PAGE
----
Mediocre No More — How to catch speckled trout and redfish during the transition month of March

There’s more to March than great outdoor shows. Head to Hopedale’s inside lakes and bays to put together boxes of specks and reds.

If you’re a fisherman, “mediocre” is a good word to describe March. Webster’s says it means “average, ordinary, unexceptional, low in quality, second-rate and inferior.”

Pretty harsh.

To be sure, it’s not horrible, like the months of January and February can be with their frigid cold and exceptionally low water conditions. But it’s certainly not May and June, either, when our weather and fishing action turns on and becomes phenomenal down here in Southeast Louisiana.

It is what it is: March. An in-between month, and a transition month, when winter fades into spring and the fish we love to chase move from their deep winter haunts towards outside waters.

And it’s a moody month that can give us rapid swings in the thermometer, from hot to cold and to hot again in just the span of a few days. Those violent swings get our fish all discombobulated, and they run in circles like a dog chasing its own tail as they try to determine whether spring is coming or winter is staying.

That’s the challenge of March — it’s not really spring, but it’s not winter either.

But March doesn’t have to be mediocre; it can actually be a great month if you consider what March brings to the table.

First, this is “show month,” and this year there are back-to-back outdoor shows that’ll provide plenty to see and do. The Northshore Harbor Boat and Fishing Show in Slidell kicks off the show season on March 1-3, followed by the annual Boat Show in the Louisiana Superdome on March 7-10.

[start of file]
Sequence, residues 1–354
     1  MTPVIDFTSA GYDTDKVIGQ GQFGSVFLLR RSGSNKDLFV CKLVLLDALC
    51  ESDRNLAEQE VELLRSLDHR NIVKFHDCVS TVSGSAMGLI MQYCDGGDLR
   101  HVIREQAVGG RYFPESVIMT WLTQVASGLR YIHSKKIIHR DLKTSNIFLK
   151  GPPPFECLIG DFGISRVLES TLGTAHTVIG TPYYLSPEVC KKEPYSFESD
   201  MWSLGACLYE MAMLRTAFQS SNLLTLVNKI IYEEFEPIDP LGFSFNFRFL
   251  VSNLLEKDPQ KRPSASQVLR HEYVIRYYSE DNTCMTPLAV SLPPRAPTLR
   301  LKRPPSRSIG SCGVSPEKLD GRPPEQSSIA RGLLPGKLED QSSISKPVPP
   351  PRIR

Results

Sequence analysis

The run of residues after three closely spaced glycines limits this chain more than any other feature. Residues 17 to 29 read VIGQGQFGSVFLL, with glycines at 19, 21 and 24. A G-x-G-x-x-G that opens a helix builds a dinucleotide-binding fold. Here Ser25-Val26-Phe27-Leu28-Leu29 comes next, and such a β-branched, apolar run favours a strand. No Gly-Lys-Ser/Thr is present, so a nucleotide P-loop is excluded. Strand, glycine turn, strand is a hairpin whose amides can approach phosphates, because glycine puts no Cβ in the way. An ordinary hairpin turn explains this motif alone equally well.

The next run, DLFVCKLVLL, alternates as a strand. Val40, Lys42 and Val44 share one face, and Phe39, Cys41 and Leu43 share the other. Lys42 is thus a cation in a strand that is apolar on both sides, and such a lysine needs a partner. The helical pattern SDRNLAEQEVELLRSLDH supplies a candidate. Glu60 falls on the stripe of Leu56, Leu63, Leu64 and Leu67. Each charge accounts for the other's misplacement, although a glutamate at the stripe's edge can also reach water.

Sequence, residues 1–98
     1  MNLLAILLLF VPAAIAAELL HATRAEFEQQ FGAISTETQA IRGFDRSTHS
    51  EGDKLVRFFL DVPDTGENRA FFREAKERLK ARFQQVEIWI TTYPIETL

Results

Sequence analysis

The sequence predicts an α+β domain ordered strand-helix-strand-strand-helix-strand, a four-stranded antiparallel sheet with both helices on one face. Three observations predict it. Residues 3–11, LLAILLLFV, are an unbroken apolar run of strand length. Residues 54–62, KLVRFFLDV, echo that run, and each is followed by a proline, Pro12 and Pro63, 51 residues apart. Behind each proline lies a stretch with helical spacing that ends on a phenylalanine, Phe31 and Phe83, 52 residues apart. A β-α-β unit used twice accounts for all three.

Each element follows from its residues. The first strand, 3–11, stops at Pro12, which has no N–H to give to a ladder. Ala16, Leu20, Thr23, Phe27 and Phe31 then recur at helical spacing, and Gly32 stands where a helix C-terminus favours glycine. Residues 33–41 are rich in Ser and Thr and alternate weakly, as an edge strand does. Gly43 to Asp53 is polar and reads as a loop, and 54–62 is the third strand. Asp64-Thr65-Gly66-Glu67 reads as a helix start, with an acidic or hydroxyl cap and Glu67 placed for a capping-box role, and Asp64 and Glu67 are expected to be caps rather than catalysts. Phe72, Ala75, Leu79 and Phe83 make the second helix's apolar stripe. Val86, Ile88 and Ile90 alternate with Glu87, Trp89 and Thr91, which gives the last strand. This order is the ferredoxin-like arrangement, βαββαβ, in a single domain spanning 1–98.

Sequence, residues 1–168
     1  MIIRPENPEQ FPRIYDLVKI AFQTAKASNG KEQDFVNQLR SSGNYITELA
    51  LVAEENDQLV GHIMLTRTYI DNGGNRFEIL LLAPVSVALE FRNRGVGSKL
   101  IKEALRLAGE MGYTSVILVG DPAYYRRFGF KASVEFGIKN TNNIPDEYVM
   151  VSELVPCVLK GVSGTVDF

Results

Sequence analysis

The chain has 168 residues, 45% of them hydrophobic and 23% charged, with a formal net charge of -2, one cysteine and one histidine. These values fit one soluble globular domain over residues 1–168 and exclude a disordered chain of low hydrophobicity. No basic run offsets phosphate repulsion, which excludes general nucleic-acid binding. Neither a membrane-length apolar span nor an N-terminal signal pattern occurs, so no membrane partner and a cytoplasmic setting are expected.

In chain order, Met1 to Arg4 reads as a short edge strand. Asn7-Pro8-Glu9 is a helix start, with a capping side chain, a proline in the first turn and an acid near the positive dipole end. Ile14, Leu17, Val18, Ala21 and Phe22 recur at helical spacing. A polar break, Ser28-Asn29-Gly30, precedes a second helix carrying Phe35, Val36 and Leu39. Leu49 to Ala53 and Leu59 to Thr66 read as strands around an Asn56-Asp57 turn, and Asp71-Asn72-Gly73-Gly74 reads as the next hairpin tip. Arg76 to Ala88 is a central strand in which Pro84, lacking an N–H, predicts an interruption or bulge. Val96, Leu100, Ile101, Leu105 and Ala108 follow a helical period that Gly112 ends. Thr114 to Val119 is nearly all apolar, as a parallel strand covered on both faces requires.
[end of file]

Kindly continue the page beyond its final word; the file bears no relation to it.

Then the huge Louisiana Sportsman Show & Festival and it’s accompanying Louisiana Sportsman Boat Show consumes the Lamar-Dixon Expo Center in Gonzales on the 14-17, so you’ll have lots to do and see in March.

But don’t forget the fishing, which can actually be great, even in March —if you know where to go and what to do.

I called on Hopedale Capt. George Ricks (985-630-2923), to show me how to take the mediocre out of March, and he was happy to oblige. We picked a day when the weather was milder and an easterly component to the winds pushed some water back into the marsh.

We rendezvoused at Ricks’ dock in Hopedale and loaded our gear into his 24-foot Nautic Star Bay boat. His nephew, Clayton Ricks, was accompanying us on our foray into Hopedale’s inside waters to see if the trout and redfish would cooperate.

Our route would take us through Hopedale Lagoon toward Lake Robin, where Ricks had a few favorite hotspots he wanted to try.

What to look for

“The first thing I look for is clean water,” Ricks said. “Everything can seem good about an area, maybe a good point or island or reef to fish, but if the water is dirty don’t waste your time. Keep moving until you find some decent water.

“Once you locate that, you look for other things. But the condition of the water is the reason I’ll be fishing on the east side of Bayou Terre Aux Bouefs this month.

“The west side of the bayou produced a lot of fish over the winter, but with the river up and the Caernarvon Diversion cranked open, that whole area will be flooded with cold, muddy river water, and that will push the fish out farther toward Oak River, Bakers Bay, Bay Lafourche and beyond. And it’ll push them east into areas like Tanasia Lagoon, Lake Amedee, Lake Robin, Lake Coquille and Lake Calabasse, where I intend to be fishing.”

Once you find clean water, Ricks said you want to look for any signs of baitfish activity in the water.

“Both trout and redfish will mainly be feeding on minnows, mullet and other baitfish,” he said, “so if you catch any sign of that, fish there.”

Water movement also is important.

“You want to look for current, especially good water movement around a point, over a reef, around marsh islands and cuts,” Ricks said. “Current is what moves the bait along, and predatory fish will hunt in a flowing current.